After work and drill was done at Fort Funston, the evenings could get long and lonely if it were not for the Y.M.C.A. The important services the Y.M.C.A provided in World War I were completely unknown to me before I started reading these old newspapers. Raymond Smith praised the Y.M.C.A. in the September letter mentioned previously.
“The Y.M.C.A. furnished all kinds of good amusements free to the soldiers. I enjoyed listening to the Swiss Yoddlers last night. The boys from all the other states come to our Y.M.C.A. and we visit theirs. So that way we get good talent for our Bible study classes and singers…. I am beginning to like it here. We work about eight hours. Wash our clothes while we have time and spend our spare time at the Y.M.C.A. or visiting the boys from other places. The boys are all friendly and out for a good time when not on duty. There is not anything bad sold here but cigarettes and they are here in plenty. All other evil things must be sought elsewhere.
I previously had read an article in the June 14, 1917 issue of the Kinsley Graphic which announced: “On Friday night there will be a band concert at the northside park. Beck’s Boys’ Band will play and there will be speeches made in the interest of the Y.M.C.A. movement which is being agitated over the country. This movement is for the cleaning up of the camps where the soldiers are and to provide for the establishment of clean recreation.”
The June 21st paper made another call to meet this goal.
The work of raising a million dollars to promote Y.M.C.A. work is being actively pushed in this state and we are trying to raise our apportionment, $315 for this county. A little more than half this amount has been raised and the balance should be contributed at once. This is a matter that will commend itself to every person who thinks of the temptations and pitfalls that surround our boys in the camps. The government is doing its part, but there is a part of this work that has been assumed by the Y.M.C.A. that is very important. This organization aims to supply reading rooms and clean entertainment for the men in the camps and so assist in reducing the chance for error to the minimum. Every parent who has a son in the camps will feel the appeal in this movement, and should call on their neighbors to contribute their mite to the cause.”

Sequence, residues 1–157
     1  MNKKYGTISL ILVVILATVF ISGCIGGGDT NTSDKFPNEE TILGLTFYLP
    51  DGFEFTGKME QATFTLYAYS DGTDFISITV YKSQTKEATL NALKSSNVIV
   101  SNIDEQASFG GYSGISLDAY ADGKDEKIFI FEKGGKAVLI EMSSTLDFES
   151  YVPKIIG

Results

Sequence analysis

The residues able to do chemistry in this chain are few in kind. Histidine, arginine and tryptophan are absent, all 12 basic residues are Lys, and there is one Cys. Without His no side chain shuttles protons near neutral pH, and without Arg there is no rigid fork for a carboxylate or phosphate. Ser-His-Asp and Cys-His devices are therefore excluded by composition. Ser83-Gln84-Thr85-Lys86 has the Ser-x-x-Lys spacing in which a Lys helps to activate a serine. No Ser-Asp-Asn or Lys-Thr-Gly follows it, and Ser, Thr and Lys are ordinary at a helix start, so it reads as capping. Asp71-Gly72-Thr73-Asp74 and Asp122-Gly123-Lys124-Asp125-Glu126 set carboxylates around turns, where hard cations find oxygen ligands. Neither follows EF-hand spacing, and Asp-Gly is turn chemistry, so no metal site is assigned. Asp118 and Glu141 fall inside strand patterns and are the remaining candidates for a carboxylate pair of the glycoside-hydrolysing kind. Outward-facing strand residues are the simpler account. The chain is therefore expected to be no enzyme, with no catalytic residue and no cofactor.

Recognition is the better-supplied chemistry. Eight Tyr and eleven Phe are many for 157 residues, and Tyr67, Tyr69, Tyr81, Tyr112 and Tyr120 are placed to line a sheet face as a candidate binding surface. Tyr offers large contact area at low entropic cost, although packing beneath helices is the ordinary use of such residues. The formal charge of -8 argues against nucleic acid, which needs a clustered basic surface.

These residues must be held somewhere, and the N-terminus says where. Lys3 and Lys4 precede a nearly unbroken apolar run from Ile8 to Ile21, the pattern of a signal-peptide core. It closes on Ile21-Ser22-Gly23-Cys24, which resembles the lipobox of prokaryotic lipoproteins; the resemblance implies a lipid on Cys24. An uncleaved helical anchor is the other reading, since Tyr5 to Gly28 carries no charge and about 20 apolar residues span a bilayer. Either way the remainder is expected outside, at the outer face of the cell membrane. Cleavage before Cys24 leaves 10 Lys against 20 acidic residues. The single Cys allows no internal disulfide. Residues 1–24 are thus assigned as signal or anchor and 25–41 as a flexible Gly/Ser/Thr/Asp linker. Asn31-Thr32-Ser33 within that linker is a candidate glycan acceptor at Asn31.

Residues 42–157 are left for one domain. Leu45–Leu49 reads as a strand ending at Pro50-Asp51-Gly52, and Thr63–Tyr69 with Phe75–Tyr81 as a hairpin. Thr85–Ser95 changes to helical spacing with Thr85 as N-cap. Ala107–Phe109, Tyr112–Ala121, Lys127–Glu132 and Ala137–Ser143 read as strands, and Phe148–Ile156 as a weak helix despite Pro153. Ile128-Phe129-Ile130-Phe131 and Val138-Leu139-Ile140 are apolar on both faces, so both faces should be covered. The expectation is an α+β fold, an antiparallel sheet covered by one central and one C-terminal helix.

Five months later, Edwards County was asked to raise $2,500 to provide Y.M.C.A. rooms overseas. Individuals and community groups all took up the cause. An offering was taken up at a special patriotic service at the Nettleton Church. There was singing of national hymns, an address by the minister, and pieces performed by the children. (Nettleton was a small town located between Kinsley and Garfield on the Arkansas River.)
The editor of the Graphic in the November 8 issue quoted from a letter Albert Wilson wrote from Great Lakes training camp. “The Y.M.C.A. is a God send to us, and I do not know what we could do without it. Every soldier who writes home from where there is one, speaks of the good it does.”
Later, on November 19 he wrote again, “I was glad to hear that Edwards County doubled its share of the Y.M.C.A. fund. If the Ys went out of commission, I don’t know what we would do, and I suppose that the boys over there need them even more than we do. There is an entertainment of some kind here at the ‘Y’ nearly every night. Here we buy stamps, get paper and envelopes, send money orders, and express packages. If you want anything outside the station one of the men in charge will see that you get it.”
Good Reading and Correspondence Facilities in Y.M.C.A. Building. (Kinsley Graphic, 11-8-1917)
Throughout World War I, the YMCA provided morale and welfare services for the military. By war’s end, the YMCA, through the United War Work Council, had operated 1,500 canteens in the United States and France; set up 4,000 YMCA huts for recreation and religious services; and raised more than $235 million—equivalent to $4.3 billion today—for relief work.